Young chef preparing a meal at home cutting chicken meat

Lots of chicken dishes, from stir-fries to salads, call for diced breast meat. An even dice ensures uniform cooking and shows off your knife skills too. Plus, cutting chicken breast is easy to do once you know the basics. Many recipes start with raw chicken breast, which is easiest to dice if you start with a boneless, skinless breast.

Starting With Raw Chicken Breast

As soon as you've brought your chicken home from the market, refrigerate it until it's time to cook. The safest way to keep raw chicken is to put it in an airtight, sealed bag, and place that bag on the lowest shelf of the refrigerator to prevent any juices from dripping onto fridge surfaces or other foods. While you're at it, you may want to add some marinade to the bag and whoosh it around every so often.

If you buy fresh chicken, you can freeze it when you get home. Once frozen, it should either stay in the freezer or be thawed in the fridge for one or two days. Don't re-freeze chicken that has already thawed. If possible, though, time your meal preparation so that you're working with slightly frozen chicken, which is actually easier to cut.

By now, everyone is aware that raw chicken and its attendant bacteria can cause problems. You don't want anyone at your supper party coming away with tummy troubles or (heaven forbid!) salmonella. However, the proper approach to this may seem counter-intuitive; do not rinse the chicken first. Water used to rinse the chicken can easily spread to surrounding areas, food and equipment.

On Being Single-Handed

You'll be doing a lot of touching as you handle the chicken, which increases your chances for cross-contamination. You could run to the sink to wash your hands every two minutes, or you could get into the habit of using only one hand for the chicken, leaving the other hand free for other things. This won't eliminate all hand-cleaning, of course, but at least it should cut down on the number of trips to the sink.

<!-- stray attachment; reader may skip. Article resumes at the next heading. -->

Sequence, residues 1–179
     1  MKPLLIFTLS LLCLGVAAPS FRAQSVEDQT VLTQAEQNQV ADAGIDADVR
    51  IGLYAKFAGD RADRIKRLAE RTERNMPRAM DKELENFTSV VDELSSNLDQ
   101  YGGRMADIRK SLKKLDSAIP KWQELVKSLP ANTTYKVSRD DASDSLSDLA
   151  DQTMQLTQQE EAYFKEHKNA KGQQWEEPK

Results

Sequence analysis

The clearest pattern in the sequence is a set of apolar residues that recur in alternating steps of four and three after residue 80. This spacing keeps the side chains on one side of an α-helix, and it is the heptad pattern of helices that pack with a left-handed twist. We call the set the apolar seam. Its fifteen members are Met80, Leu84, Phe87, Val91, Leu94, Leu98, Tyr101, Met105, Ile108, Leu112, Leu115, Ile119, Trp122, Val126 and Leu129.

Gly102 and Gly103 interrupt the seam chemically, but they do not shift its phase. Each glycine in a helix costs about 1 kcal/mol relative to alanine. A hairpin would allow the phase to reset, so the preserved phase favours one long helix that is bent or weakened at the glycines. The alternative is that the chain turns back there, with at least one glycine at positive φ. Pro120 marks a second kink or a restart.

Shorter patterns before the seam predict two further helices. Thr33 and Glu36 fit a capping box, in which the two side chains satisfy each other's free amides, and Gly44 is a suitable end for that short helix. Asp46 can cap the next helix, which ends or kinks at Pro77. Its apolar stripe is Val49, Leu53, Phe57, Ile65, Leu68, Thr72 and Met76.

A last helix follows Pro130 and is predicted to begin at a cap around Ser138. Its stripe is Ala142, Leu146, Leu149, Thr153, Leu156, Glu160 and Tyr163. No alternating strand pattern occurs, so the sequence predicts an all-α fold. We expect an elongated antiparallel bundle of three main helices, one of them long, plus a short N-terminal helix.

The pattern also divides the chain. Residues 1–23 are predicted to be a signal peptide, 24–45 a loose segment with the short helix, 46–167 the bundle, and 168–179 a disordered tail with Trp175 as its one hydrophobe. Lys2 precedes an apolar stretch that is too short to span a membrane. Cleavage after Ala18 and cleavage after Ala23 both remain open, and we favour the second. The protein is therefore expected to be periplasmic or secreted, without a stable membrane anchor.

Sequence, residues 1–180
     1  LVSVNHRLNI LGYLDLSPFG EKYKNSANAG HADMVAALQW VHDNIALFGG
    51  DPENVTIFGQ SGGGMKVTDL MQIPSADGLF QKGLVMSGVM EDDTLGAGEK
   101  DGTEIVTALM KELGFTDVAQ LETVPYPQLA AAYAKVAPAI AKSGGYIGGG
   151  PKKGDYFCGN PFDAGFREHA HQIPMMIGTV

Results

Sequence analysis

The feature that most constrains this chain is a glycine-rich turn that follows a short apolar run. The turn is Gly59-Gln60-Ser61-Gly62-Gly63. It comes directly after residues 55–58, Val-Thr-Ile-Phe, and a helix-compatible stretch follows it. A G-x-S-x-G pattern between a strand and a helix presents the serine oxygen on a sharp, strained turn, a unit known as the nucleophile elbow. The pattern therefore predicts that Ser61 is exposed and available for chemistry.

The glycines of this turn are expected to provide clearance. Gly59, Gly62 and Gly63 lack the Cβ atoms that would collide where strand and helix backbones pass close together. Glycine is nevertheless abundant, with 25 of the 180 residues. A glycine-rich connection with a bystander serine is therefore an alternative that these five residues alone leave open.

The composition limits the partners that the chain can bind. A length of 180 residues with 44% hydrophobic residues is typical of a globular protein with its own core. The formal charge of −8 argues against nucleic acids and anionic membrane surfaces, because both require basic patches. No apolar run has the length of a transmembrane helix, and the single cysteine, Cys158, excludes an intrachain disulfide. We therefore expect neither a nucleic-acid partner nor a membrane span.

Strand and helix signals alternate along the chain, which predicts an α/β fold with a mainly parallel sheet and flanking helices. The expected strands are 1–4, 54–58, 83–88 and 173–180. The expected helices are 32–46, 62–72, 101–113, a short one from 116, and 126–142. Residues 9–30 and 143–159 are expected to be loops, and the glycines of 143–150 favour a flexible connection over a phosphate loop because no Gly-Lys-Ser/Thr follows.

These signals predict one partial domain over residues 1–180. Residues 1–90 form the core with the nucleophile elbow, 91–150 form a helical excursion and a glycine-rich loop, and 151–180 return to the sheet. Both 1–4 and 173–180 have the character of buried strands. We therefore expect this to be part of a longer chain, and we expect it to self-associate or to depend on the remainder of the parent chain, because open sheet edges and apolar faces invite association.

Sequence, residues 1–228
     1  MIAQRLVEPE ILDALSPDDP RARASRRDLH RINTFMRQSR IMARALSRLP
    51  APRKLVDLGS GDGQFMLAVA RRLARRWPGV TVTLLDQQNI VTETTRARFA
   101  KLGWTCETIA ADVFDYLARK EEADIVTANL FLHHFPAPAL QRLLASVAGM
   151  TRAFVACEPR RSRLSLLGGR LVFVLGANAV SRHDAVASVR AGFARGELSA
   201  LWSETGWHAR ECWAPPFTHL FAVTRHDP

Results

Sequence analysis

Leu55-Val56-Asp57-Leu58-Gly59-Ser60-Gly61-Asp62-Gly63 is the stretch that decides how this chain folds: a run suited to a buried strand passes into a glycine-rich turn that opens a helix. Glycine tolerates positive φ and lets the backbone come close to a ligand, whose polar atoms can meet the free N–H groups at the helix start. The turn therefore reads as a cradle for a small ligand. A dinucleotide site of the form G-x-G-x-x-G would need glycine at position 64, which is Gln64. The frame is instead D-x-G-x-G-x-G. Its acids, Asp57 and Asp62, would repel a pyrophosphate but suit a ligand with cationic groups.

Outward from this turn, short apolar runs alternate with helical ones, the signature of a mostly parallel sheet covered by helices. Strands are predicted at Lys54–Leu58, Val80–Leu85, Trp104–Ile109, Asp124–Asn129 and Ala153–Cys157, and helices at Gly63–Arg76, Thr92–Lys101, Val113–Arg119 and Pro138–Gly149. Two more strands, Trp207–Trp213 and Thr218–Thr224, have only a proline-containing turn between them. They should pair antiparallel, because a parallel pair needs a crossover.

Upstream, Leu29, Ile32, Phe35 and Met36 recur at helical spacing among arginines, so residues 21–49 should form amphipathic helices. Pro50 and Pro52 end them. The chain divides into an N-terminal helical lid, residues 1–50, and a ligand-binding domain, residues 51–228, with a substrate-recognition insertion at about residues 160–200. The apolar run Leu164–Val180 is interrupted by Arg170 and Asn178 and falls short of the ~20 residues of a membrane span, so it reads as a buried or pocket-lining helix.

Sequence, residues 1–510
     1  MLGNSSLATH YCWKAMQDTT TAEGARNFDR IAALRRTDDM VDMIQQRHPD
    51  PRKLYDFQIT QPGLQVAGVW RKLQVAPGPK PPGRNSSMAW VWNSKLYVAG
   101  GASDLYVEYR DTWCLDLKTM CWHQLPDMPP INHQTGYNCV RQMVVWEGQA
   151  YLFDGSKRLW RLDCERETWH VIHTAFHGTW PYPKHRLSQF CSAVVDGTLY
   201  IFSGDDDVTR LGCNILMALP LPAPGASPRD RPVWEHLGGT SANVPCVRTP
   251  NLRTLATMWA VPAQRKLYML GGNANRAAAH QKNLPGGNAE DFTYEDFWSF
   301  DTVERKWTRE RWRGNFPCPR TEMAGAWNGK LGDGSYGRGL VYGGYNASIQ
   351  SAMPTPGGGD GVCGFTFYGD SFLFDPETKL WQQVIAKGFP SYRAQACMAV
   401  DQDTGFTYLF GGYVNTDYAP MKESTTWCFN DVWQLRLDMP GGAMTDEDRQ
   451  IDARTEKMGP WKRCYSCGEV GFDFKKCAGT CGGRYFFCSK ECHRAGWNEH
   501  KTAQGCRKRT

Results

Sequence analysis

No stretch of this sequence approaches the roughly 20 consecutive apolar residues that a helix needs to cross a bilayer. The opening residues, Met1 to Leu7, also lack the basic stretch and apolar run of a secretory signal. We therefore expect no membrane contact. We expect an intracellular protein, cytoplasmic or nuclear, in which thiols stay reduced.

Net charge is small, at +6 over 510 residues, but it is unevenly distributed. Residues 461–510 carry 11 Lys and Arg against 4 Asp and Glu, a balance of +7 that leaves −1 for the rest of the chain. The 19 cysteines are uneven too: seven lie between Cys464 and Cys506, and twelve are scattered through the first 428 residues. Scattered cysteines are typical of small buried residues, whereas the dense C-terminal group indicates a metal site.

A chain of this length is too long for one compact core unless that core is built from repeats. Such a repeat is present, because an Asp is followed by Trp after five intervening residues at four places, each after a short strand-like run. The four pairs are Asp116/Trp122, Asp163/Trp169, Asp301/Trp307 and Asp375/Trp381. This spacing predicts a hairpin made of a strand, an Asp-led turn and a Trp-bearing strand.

If you touch knobs, handles, walls or other surfaces after handling the chicken, be sure to wipe them down afterwards. Pretend you're at the scene of a crime getting rid of evidence.

Chicken on the Cutting Board

Now you've finally got your unrinsed, boneless chicken breast on a cutting board and a sharp chef's knife in your hand. It's best to use a nonporous cutting surface, which makes it easier to rinse off any juices or scraps later. If the breast is the right thickness to make uniform cubes with the dimensions you want, just grasp the chicken firmly, and with deliberate strokes, slice down its length to make even strips. Then rotate it while still holding it down and slice again to create a crosshatch pattern of evenly matched pieces.

If it's too thick to make the dice as small as you want while keeping the pieces even, you can butterfly the chicken breast. Lay the chicken on the cutting surface, flat-side down; hold it firmly, and slice it in half horizontally, but stop short of cutting it all the way through. Instead, open the breast along the "fold" you've made as though you're opening a book. If it's still not thin enough or if it's uneven, you can cover it with plastic wrap and pound it with a mallet until you've got it the thickness you want.

Dicing a Cooked Chicken Breast

Chicken salads often call for the addition of diced cooked chicken. Dicing a breast that's already been cooked follows the same cutting pattern as the raw version. You can get a good result by poaching the breast in water or chicken stock first, then cutting it into uniform cubes.